This leads us to the emotional benefits of mindfulness (Arch and Landy). Since negative emotions are believed to be a primary expression of human suffering, and reflected in psychiatric disorders, the impact is huge. They are however experienced in normal populations as well, and hence the application is wider than just those categorized as ill in some emotional way, that is, where negative emotion leads to psychosocial dysfunction.
So higher 'trait-mindfulness' promotes increased willingness to experience negative emotions, greater endurance in anxiety provoking experiments, or even exposure to thinking about death and so on. Brief mindfulness inductions have also shown utility in this regard and faster recovery from dysphoric mood. Intervention studies take this observation further, even in healthy non-patients, which these authors focus on in their work. Of course, the benefits of mindfulness are not just thought to be intra-psychic, but affect one's presence in relationships, which Parker and her colleagues then address: how does this foster interpersonal benefits, as practitioners are often described as warm, or in touch with the emotions of their fellow human beings. By presence, the authors mean a bare awareness of the receptive spaciousness of our mind, rather pithily, or as Seigel referred to it, a state of receptive awareness of our open minds to whatever arises, as it arises. The roles of this bare attention, as well as mindful awareness, or mindful practice (directed at one-ness with the activity), are explored. Mind wandering is another thing entirely, the opposite in fact, with all the dangers it encapsulates. As opposed to free association, which is creative, the less voluntary mind wandering is not a good generator of novel value. Later on the discussion moves to attachment, as well as the links between mindfulness, secure attachment and the medial prefrontal cortex. Many of the functions listed, 8/9 in fact, have been shown to co-occur with secure parent-child attachment, and 9/9 are outcomes of mindfulness training, all thus central to integrated self-regulation and successful interpersonal behavior.
Stress reduction in health adults is spotlighted by Shapiro and Jazaieri, and in children and adolescents by David Black. The idea however that the benefits to stress reduction and improved sense of wellbeing are solely the outcome of mindfulness based stress reduction is not proven, as distinct from other active interventions rather than waiting lists for instance, in more than a very few studies. One study that is quoted appears to have low numbers of subjects and covered only 6 hours of intervention compared to relaxation, but with positive results on this group. Gains in most studies did extend beyond the interventions, usually around 8 weeks, and there is evidence now that particularly canonical mindfulness training can enhance mental health-related subjective experience. As noted by Parker and her colleagues, in children and adolescents, Black again returns to the executive functions in their self-regulatory guise, in what he refers to as an umbrella term for the system that coordinates attention, planning, decision-making, self-regulation and goal directed behaviors. A multiple page table covers the studies examining mindfulness training in youth, seeming all with positive things to say about mindfulness training.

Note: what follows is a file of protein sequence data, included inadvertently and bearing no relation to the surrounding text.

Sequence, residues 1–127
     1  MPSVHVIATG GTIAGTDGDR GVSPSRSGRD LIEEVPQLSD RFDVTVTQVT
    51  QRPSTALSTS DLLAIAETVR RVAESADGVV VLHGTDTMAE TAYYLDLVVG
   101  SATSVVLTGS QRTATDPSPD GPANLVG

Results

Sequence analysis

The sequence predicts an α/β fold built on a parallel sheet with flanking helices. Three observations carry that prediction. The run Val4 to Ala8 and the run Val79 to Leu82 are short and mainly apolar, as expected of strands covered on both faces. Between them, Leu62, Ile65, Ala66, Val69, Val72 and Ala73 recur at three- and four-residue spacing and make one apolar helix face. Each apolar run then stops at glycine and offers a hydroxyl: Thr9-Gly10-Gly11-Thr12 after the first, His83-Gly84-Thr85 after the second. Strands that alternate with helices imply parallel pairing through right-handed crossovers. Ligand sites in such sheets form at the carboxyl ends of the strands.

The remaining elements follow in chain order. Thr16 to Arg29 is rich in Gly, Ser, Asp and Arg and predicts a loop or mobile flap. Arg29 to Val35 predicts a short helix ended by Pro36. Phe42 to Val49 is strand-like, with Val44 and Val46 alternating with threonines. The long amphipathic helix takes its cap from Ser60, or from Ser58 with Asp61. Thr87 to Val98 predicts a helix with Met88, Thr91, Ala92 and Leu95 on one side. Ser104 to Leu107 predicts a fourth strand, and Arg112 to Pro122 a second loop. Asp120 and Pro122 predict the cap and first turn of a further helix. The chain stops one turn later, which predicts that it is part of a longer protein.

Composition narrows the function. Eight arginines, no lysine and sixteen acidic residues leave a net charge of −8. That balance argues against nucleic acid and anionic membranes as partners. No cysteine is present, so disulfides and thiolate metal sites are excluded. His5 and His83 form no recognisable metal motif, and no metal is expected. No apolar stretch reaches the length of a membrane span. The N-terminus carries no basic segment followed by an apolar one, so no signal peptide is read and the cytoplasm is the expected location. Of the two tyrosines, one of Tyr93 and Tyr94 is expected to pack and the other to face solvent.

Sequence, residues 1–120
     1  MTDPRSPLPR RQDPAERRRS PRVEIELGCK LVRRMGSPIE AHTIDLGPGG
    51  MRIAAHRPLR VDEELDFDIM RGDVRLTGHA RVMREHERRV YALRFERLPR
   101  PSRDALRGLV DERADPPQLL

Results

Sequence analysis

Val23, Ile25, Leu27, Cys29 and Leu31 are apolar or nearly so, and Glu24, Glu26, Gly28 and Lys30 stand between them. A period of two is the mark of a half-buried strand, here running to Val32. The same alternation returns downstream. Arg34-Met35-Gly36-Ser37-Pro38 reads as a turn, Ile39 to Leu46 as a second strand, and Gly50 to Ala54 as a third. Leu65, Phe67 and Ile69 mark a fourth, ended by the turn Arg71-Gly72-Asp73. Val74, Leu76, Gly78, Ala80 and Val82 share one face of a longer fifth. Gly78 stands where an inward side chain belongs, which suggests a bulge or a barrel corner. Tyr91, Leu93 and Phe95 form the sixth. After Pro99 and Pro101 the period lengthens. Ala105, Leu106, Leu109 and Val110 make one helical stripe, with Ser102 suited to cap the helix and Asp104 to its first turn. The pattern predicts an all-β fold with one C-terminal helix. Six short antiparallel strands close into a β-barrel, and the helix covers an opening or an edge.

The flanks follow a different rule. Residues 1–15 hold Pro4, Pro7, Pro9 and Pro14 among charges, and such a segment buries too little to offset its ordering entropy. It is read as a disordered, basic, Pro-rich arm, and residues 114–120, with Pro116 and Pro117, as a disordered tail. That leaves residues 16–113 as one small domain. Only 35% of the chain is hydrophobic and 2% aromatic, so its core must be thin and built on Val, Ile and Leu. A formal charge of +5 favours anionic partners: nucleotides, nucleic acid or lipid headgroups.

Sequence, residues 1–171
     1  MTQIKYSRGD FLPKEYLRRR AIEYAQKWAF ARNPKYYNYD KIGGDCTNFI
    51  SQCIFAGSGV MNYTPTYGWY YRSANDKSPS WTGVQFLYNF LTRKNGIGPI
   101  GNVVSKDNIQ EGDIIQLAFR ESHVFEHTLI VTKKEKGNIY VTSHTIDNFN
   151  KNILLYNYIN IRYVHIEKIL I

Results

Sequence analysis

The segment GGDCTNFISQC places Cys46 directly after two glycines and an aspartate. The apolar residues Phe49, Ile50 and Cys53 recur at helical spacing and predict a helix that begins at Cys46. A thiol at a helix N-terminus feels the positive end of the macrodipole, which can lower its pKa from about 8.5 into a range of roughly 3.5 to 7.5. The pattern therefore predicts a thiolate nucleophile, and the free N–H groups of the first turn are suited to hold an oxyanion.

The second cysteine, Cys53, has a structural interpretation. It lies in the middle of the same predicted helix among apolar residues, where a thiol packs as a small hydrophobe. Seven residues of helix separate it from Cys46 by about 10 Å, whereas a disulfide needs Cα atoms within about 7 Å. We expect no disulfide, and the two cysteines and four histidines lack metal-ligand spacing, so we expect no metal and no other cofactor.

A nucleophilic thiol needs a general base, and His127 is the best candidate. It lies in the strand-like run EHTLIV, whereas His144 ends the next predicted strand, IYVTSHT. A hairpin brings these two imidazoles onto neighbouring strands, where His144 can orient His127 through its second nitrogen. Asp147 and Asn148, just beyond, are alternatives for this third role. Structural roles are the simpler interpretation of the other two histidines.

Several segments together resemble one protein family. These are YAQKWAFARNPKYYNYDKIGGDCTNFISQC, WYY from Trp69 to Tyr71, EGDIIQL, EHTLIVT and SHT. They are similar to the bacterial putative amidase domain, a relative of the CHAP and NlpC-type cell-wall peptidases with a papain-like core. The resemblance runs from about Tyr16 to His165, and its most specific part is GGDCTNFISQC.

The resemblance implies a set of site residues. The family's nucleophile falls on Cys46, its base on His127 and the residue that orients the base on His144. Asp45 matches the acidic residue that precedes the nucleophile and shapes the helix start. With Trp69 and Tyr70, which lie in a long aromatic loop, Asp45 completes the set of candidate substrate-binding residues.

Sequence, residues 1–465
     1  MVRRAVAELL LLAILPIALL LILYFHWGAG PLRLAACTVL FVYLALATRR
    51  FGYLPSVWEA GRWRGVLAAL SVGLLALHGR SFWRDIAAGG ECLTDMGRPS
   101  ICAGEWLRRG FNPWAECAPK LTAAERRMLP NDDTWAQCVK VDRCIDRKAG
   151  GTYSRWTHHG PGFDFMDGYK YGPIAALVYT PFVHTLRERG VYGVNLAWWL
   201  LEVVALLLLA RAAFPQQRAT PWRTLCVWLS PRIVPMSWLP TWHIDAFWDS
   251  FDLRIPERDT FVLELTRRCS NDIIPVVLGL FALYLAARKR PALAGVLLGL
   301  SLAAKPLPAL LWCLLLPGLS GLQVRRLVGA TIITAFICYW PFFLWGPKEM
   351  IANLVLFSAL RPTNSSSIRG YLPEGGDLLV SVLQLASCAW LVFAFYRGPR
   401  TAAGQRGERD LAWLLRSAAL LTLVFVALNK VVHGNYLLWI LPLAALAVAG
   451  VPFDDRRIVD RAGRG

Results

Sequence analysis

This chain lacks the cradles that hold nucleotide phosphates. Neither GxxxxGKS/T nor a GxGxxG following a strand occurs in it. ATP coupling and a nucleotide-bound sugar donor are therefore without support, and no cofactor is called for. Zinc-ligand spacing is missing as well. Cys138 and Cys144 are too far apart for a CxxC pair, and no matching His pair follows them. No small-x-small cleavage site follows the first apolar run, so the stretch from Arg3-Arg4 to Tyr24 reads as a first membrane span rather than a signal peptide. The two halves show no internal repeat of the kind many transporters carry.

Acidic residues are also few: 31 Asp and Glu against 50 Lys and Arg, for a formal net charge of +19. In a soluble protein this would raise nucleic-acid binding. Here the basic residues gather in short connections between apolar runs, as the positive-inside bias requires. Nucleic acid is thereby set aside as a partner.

Negative cognitions were improved in these groups, not just executive functions, and in the next chapter, Brown examines the enhancement of positive functions in mindfulness training. Too much self-control, as much as too little, can also cause problems in functioning, which Lynch and colleagues Lazarus and Cheavens take on in the next chapter. As noted before, the constructs defined here are often confused in the literature, operationalized or collapsed into one construct which includes emotional eliciting and emotion regulatory factors, making comparisons difficult. The quintessential under-controlled disorder would be Borderline Personality, referring to DBT, as well as radically open DBT as therapies, with mindfulness a key component of these approaches. Moving from self-control to self-regulation is an interesting concept, and their neuro-regulatory model, still to be published, apparently challenges the linear assumptions regarding the desirability of self-control, and the wise limits of optimal and balanced capacity in this regard, rather than more is better philosophies, leaving one rather in an open stance in terms of willingness to experience. The differentiator in DBT is not to be distant from reality, but to rather engage with uncomfortable reality in a productive way.